The materiality of minds, human or otherwise, however, is a biological problem. Barr is a physicist who seems unfamiliar with the relevant biological literature. He opens Part V by contrasting the ‘materialist’ view of human beings with the religious view promoted by the Roman Catholic magisterium — drawing a contrast between materialist monism and spiritualist dualism which the moral philosopher Paul Ricoeur finds abusively simplistic (Changeux and Ricoeur [1998]). My central problem with this approach is the exaggeration of the contrast between human beings and other animals by attributing consciousness and thought only to human beings. In Barr’s view, when a material human sperm fertilizes an equally material egg, God specially creates a soul for it (p. 225). Barr thinks that: 1. in bodily function, humans are animals, 2. there is a close connection between physical events in the brain and mental phenomena, and 3. the brain may be essential for any mental function. Nonetheless, his belief in a human soul leads him to insist that human intellect, free will and foresight (unlike the mental capacities of any other animal) cannot ‘be entirely reduced to the material’ (p. 173). We shall see how this doctrinally imposed dichotomy between human beings and other animals poisons his argument.

Barr then marshals his argument, in a series of deep questions with no clear answers:
  1. 1.

    Do we have free will, the ability to make rational choices? Could this be true of purely material beings?

  2. 2.

    Can purely material beings understand? Can they know truth, factual or moral?

  3. 3.

    Does a human (or an animal) mind act like a computer?


One could respond to these questions as follows:

First, the indeterminacy of quantum mechanics may shatter the determinism of Newton’s and Einstein’s laws of physics (Barr, p. 179; Weyl [1949], p. 251). One could also argue that chaos places the hypothesis of determinism beyond the realm of testability. The ability of material beings to make rational choices accordingly hinges on the second question’s answer.

Second, Barr argues that only human minds, with immaterial elements, can think, understand, and distinguish true from false. This argument fails because he distinguishes human beings too radically from other animals, and perhaps also because material beings can do things Barr says they cannot. Other animals cannot match human minds, which minds, indeed, have made human beings the de facto lords of Creation. Human minds, however, evolved by combining abilities already present in other animals as Konrad Lorenz ([1977]) showed.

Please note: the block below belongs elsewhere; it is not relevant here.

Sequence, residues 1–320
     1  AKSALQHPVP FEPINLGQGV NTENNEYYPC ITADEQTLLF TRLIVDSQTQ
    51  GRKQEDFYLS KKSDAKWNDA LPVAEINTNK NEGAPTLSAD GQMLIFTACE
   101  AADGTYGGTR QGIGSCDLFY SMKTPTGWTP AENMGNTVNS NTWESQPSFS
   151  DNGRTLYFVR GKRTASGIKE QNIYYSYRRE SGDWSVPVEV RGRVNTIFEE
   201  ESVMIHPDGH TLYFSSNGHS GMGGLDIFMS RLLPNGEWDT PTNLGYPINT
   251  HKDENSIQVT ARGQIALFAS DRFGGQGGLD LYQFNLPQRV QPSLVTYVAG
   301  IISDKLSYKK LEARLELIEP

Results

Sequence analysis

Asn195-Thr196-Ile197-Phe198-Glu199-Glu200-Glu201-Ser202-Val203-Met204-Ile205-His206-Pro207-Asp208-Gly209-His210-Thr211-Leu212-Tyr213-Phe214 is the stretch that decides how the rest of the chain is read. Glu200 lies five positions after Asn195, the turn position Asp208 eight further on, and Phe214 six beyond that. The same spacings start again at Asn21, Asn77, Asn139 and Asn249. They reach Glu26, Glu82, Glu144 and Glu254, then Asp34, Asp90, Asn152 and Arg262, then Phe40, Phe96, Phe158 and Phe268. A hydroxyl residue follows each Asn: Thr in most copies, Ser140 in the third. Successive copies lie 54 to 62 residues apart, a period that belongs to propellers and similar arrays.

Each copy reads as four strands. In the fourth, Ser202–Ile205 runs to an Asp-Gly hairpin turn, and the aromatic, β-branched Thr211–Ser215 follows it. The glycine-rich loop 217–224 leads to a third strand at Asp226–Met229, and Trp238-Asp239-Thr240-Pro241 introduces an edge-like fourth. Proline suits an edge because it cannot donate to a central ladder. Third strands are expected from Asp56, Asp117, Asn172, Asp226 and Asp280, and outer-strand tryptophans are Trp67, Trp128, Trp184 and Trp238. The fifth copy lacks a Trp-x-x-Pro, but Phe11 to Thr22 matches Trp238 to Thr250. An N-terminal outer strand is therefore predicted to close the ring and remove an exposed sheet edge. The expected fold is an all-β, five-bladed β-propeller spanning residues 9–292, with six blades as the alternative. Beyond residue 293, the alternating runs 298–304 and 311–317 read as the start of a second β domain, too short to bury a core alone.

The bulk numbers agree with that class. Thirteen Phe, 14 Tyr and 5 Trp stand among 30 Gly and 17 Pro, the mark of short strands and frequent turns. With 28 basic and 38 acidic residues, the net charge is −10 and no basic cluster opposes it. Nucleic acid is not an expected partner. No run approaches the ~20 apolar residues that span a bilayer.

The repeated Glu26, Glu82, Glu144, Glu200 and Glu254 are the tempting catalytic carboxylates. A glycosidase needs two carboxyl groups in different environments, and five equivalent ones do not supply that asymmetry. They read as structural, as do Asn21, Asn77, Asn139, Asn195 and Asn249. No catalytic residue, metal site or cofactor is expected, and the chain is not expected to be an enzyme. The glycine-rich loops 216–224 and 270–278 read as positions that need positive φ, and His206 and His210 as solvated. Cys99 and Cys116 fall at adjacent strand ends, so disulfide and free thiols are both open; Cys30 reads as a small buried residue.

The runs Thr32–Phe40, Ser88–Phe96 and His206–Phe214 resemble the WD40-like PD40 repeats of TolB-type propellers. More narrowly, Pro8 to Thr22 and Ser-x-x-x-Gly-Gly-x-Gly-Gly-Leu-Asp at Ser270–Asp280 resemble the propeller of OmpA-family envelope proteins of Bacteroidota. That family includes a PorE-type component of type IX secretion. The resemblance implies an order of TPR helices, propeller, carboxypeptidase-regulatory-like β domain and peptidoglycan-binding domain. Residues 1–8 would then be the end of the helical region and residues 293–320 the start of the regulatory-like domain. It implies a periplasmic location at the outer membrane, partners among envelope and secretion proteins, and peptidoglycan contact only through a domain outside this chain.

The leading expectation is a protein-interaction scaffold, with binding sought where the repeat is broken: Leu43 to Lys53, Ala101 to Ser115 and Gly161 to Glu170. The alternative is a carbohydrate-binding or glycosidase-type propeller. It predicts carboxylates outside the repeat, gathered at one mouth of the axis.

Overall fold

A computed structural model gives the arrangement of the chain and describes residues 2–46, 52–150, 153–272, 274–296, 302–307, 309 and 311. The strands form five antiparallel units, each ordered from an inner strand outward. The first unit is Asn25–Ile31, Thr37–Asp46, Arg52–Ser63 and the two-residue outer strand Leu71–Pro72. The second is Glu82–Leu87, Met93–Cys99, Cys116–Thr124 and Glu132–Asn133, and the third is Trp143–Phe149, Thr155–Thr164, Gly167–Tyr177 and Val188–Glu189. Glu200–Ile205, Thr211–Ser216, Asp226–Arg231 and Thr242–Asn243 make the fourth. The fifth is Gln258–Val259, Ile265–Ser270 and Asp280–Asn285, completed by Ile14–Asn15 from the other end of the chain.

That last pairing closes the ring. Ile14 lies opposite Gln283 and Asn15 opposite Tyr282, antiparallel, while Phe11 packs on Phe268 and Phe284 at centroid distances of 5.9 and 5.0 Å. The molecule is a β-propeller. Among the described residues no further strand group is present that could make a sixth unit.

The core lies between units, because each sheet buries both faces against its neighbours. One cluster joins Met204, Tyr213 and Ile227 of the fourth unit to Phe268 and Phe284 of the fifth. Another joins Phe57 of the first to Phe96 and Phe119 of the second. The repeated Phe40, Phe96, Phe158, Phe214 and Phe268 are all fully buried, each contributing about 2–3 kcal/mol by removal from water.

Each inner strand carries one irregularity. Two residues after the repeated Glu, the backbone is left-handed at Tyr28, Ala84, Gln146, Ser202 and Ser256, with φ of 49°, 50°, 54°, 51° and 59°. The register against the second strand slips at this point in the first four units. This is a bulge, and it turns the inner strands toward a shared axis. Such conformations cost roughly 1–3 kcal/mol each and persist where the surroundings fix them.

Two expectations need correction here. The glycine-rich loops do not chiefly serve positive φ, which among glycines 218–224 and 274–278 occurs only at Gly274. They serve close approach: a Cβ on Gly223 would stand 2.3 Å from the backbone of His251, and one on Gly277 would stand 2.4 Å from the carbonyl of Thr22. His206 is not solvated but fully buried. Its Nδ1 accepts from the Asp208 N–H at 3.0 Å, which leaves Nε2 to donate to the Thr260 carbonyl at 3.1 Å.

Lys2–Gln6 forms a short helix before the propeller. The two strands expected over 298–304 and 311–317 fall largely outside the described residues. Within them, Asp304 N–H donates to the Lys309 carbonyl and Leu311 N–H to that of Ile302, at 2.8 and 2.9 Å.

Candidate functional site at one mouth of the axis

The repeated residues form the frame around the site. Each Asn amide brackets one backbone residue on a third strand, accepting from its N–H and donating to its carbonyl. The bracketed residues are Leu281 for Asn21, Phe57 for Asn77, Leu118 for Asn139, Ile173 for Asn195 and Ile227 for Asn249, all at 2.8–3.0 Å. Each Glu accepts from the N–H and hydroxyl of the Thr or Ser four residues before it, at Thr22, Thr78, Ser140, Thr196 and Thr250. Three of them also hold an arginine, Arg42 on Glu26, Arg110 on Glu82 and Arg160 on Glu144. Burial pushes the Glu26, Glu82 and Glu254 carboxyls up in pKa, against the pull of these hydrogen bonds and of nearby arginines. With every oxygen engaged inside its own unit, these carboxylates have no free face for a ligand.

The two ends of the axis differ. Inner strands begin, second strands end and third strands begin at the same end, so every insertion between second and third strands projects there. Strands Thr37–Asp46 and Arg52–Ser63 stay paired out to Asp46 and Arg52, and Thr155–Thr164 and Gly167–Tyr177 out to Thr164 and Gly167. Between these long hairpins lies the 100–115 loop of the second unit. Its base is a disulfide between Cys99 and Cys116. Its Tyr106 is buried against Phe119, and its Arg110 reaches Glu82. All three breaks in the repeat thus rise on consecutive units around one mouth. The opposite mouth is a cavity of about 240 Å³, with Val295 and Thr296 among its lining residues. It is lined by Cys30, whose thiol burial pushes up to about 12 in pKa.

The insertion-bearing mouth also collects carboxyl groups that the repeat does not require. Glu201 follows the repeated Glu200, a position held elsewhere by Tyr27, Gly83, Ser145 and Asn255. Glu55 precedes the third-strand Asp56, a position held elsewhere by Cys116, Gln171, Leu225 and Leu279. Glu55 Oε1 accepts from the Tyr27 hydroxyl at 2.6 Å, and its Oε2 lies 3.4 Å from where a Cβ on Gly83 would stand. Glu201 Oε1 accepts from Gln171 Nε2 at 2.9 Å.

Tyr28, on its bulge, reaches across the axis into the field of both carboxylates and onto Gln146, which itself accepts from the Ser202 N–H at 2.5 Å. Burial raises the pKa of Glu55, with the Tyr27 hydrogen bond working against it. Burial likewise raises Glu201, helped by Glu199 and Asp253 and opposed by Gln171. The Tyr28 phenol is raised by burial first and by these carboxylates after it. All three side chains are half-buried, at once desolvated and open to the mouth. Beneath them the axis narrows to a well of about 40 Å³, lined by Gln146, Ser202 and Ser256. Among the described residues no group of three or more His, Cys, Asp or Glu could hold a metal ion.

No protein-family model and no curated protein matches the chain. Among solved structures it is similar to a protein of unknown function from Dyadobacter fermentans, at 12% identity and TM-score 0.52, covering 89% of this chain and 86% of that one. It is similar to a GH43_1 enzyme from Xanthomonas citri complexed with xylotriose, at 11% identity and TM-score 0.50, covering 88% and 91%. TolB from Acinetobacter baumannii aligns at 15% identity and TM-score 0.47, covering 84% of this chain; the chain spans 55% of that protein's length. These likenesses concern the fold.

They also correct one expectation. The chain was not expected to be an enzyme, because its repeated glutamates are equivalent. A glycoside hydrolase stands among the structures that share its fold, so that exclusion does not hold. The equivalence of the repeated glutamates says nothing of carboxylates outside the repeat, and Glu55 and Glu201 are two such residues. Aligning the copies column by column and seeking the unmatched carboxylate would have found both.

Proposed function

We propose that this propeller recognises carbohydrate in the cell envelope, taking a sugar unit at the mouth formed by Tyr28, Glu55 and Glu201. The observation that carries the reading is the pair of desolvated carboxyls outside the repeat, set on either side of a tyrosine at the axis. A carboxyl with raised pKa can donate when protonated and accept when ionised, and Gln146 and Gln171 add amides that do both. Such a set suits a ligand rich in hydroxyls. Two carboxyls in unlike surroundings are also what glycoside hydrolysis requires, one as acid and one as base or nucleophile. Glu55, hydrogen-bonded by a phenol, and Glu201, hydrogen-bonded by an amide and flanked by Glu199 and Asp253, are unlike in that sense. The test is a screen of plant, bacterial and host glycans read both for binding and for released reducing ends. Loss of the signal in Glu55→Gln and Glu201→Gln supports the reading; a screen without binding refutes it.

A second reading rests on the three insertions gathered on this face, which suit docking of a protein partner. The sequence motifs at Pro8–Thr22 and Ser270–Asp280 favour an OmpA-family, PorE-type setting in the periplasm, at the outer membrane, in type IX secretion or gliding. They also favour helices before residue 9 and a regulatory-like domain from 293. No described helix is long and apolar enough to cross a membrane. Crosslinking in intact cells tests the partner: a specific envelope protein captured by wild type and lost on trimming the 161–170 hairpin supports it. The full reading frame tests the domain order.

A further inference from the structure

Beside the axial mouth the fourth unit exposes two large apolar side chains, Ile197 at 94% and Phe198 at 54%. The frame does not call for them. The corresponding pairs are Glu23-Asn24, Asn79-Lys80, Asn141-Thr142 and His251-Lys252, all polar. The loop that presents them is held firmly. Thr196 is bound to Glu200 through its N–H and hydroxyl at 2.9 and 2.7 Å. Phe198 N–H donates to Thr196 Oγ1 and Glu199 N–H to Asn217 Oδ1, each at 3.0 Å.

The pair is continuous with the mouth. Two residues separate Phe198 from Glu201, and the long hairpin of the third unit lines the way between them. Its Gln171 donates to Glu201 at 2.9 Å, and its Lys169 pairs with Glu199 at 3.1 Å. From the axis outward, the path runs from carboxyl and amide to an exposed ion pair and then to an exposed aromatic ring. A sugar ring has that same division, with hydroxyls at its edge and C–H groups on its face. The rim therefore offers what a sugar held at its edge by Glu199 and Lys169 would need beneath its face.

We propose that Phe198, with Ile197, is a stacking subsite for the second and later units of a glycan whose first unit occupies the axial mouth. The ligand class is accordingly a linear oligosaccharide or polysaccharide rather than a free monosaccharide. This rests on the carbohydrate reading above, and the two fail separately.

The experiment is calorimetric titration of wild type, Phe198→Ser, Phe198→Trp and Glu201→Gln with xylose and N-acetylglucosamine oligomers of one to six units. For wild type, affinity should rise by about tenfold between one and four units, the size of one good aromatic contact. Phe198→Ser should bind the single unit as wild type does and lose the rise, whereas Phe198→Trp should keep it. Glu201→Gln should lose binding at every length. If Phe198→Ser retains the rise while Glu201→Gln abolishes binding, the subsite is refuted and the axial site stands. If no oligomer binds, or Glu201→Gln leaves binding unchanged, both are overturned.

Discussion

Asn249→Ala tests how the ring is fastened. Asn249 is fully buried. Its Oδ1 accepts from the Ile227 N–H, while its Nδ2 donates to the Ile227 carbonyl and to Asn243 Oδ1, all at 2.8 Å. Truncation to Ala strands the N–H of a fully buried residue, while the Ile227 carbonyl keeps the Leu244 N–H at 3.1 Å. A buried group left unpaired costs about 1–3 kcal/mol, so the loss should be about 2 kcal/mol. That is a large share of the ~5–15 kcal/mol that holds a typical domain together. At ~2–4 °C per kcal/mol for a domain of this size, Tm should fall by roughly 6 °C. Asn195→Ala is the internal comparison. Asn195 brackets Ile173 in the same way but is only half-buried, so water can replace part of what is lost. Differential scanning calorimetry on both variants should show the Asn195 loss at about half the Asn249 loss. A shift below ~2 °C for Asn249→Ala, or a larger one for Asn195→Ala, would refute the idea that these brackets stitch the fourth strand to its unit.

Barr argues, for example, that only immaterial intellects can form abstract concepts. Nonetheless, many animals unconsciously, mechanistically, abstract persistent objects from a maze of sensory data derived from views of the object from different distances and angles, under different lighting (Lorenz [1977], pp. 117–120). Weyl ([2009], p. 199) observes that the means by which physicists infer the presence of atoms or electrons are a natural prolongation of the operations a person’s (or an animal’s) ‘mind performs (although mainly unconsciously) in perception, when, e.g., the solid shape of a body constitutes itself as the common source of its various perspective views.’ The power to abstract objects from sensory data also allows animals to classify objects into categories, as do human babies (Lorenz [1977], p. 117).

Barr also restricts rational choice to human intellects. Rational choice requires thought and foresight. A tropical forest fruit bat has enough foresight to search for trees about to ripen fruit after eating its fill (Morrison [1978], p. 719). How widespread thinking is among animals is much disputed (Menzel and Fischer [2011]), although it seems clear that some non-human animals do think. Darwin ([1871], p. 48) recounts a friend’s story of how his retriever solved a problem it had never previously encountered. This friend winged two ducks. The retriever, finding itself unable to bring back both at once, killed one — something it had never done before — as if to prevent its escape, brought back the live duck, and returned to fetch the other. This solution required an ability to foresee the outcome of its actions. When faced with a problem, anthropoids, such as orangutans and chimpanzees, will act as if they are thinking through possible solutions, only acting after they have thought out an approach that suffices to solve the problem — choosing rationally among the alternatives they have thought of. Monkeys and raccoons, on the other hand, rush about, trying out each solution as it occurs to them (Lorenz [1977], pp. 127–128).